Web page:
Home is timeless, in the heart, near love, close to a river. Where the animals are.”
Boyd Varty, Cathedral of the Wild
“Are you sure you want to travel alone to Africa?” “Are you taking your anti-malaria medication?” “Is there really a psychology conference in a safari park?” My friends are hyper vigilant. They know my stubbornly curious spirit, that sometimes narrowly escapes getting me into pickles decade after decade.
Yes, I am sure I want to travel to Africa, I feel called to animals I have not yet seen but already love. I feel called to meet colleagues with foreign accents and names I stumble over. I feel called to understand the story of people who, shackled by a past of race prejudice, find their way to fresh air. I feel called to unmet children of Africa and learning centres, engulfed by joy and the love of those who care for their future. Go I must and go I do.
I go in search of the inner peace I remember in the southern Israeli desert, the stillness of daybreak that is broken only by the call of animals and birds I can neither see nor name. I go for the popping oranges and scarlets of the sky unimpeded by pollution, the sunset sky that implodes in my heart as it creeps over the horizon behind a tree. I go for the thrill of up-close photo hunts for animals as our Land Rover comes to the doorway of their savannah hide away. I go with every cell that is in me.
Husband John, far and away more the adventurer than I am, has been ordered by his stellar medical team to avoid remote safari camps where electricity can be a ‘sometimes’ thing. Part of our love is that we understand each other so very well. He gifts me this trip, no doubt quietly hoping that I will get this energy out of my system and act like someone my age. Doubtful.
My game ranger, Werner Breedt, an intensely handsome chap with a twinkle in his eye and a Wikipedia of information at his command, holds the secrets of the Sabi Sands and Greater Kruger region. He responds politely and enthusiastically as I climb into the front seat next to him. As we cover more ground, I begin asking many questions during the six hours we drive daily. Uninvited, we want to visit with dangerous predators like lions and leopards and elephants, rhinoceros and hippopotamus. As we approach a pair of leopards, Werner becomes intensely involved in the chase. He tells us we are about to leave the jagged dirt road and literally head into the cracking underbrush to get a front view of the two leopards that plan to mate very soon. And, if we are very lucky, we may see the three lions that make their way on the other side of our Land Rover. We creep to a stop as Werner reminds us for the umpteenth time not to stand up in the open car. Any unusual movement can generate fear based aggression in the animals who gingerly tolerate our presence. I manage to get mediocre shots of the unfolding scene. I am only able to capture part of one leopard’s body. But I am not there for the photo. I am there to intenisfy my awareness that we humans are but a minsucule part of this remarkable showcase of nature. And, should we consider ourselves entitled to plunder the technicolor splendour of the wilderness, we had better think twice. We are the tiniest star in the universe of throbbing animal blood that surrounds us.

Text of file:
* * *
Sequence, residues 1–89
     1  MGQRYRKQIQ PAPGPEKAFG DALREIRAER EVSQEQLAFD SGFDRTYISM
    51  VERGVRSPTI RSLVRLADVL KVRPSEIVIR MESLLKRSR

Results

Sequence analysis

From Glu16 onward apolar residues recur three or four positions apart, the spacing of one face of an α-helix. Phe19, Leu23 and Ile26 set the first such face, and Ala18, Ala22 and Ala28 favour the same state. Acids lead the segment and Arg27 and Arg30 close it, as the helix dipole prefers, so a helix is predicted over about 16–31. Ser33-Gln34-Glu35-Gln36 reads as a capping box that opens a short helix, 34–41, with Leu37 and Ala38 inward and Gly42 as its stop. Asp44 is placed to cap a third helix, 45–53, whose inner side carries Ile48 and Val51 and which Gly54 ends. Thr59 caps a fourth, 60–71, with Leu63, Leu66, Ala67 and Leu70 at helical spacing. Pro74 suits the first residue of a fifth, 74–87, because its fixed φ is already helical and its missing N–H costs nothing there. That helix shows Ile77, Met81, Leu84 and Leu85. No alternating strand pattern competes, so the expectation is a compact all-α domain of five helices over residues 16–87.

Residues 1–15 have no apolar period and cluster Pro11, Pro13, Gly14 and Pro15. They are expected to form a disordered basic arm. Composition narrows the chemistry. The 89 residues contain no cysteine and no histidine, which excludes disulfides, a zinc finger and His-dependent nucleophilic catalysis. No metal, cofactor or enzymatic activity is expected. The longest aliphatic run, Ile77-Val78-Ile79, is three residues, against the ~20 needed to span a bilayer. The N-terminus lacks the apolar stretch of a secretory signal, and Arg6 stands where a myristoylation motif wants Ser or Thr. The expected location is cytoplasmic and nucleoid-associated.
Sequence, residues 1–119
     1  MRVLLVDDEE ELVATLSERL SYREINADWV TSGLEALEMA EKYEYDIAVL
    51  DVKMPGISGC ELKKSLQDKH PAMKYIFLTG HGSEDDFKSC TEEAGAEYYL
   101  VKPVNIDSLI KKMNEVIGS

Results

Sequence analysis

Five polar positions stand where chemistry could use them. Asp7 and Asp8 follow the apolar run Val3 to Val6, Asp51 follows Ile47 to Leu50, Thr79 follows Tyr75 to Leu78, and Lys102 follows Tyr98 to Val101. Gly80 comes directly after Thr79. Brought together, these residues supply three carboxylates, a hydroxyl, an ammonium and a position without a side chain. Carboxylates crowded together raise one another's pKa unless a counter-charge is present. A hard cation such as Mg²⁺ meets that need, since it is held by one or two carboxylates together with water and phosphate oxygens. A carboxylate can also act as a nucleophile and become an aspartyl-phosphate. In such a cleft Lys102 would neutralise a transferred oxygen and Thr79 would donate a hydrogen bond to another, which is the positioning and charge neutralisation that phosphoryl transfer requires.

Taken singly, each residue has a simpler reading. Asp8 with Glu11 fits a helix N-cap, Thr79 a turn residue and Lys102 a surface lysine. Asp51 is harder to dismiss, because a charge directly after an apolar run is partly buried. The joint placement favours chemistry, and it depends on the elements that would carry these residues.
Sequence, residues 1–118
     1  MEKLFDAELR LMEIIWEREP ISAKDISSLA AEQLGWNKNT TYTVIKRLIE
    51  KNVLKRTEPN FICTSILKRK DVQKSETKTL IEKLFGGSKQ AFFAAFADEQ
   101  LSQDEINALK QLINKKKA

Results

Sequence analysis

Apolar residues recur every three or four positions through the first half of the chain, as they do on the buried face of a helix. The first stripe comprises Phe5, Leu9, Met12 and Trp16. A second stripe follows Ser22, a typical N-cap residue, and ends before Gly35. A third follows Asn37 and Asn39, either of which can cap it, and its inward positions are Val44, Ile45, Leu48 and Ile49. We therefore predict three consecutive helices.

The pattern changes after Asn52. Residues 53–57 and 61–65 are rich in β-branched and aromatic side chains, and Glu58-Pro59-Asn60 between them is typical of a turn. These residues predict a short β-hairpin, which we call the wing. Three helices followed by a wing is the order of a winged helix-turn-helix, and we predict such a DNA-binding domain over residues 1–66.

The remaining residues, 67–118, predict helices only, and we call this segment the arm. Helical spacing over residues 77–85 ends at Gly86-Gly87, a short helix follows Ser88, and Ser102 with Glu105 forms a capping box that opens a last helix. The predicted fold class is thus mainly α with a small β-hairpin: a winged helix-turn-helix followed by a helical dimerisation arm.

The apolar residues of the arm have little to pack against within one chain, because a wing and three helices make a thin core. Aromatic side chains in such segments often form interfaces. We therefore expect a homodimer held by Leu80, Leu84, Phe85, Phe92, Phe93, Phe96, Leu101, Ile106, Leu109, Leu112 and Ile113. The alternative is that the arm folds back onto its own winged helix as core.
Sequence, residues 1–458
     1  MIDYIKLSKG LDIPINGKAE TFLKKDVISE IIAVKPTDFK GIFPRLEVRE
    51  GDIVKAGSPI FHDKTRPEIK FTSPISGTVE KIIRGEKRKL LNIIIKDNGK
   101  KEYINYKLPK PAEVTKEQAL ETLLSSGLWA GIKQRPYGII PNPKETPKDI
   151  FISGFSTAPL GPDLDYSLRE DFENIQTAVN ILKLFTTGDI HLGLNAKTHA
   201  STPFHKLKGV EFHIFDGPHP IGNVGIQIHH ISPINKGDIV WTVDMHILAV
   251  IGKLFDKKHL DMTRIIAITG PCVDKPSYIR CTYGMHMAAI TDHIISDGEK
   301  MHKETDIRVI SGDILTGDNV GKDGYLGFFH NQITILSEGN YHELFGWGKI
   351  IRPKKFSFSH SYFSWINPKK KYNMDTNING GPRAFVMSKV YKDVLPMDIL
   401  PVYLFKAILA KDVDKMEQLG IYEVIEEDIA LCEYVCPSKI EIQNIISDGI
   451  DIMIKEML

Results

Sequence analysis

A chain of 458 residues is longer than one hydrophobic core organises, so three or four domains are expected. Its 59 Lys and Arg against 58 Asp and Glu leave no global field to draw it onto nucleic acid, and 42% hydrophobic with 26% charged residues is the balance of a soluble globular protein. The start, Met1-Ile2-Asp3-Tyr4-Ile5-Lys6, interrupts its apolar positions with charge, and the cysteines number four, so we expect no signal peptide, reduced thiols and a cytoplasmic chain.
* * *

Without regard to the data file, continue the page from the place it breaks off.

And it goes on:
Luck is with me. Precisely because I am travelling alone at Londolozi, the luminescent safari camp to end all safari camps, Werner invites me to join him for dinner. Over an uproarious fire, Venus and the sliver of the moon overhead, we talk about what life is like when one lives and breathes animals as one’s life blood. Werner sits back from our impeccably prepared four course meal, and speaks with passion. I know from being on these drives that the experience is for many, a peak lifetime experience. It does not dull with repetition. It intensifies as one realises the immensity of the learning about what it actually means to be fully alive. He has captured my sense of things and I nod in agreement. “Animals are more intellignet than we think. They need no institution to teach them how to live well. They just know. All leopards do the same thing; they stalk, they drink from the water, they patrol their home for danger. The innate capacity for intelligence puts human intelligence in perspective for me.” His words strike a chord in me as I think fondly of the remarkable leopard I photographed earlier that day. At 15 she is one of the oldest leopards in the world. This nameless grand dame of the animal kingdom is bone thin, and walks with the stiffness I feel when I sleep wrong in my bed. But she is majestic; she owns her life better than humans the equivalent of her age. I felt an immediate kinship with her.
Werner continued. “I want to showcase nature so people see it as a special thing. We live in an information bubble. We think about what we need to survive. Here, in the savannah, we get to think about somethiing bigger than ourselves.”I can feel my shoulders drop into relaxation as Werner states what I have experienced in the Land Rover over the last few days. We are born alone, and we die alone, but in between, we are one of a species of animals.
As I return to customary daily urban and beach life, I reenter civilization humbled and privileged by my time at Londolozi, I return with deeper wisdom of what it actually means to be human.
To consider: How seriously do you take your life with animals? Might your life be richer if you reconsidered their place in the lives of all of us? What might you learn if you did?
Written by: Judith Coche, Londolozi Guest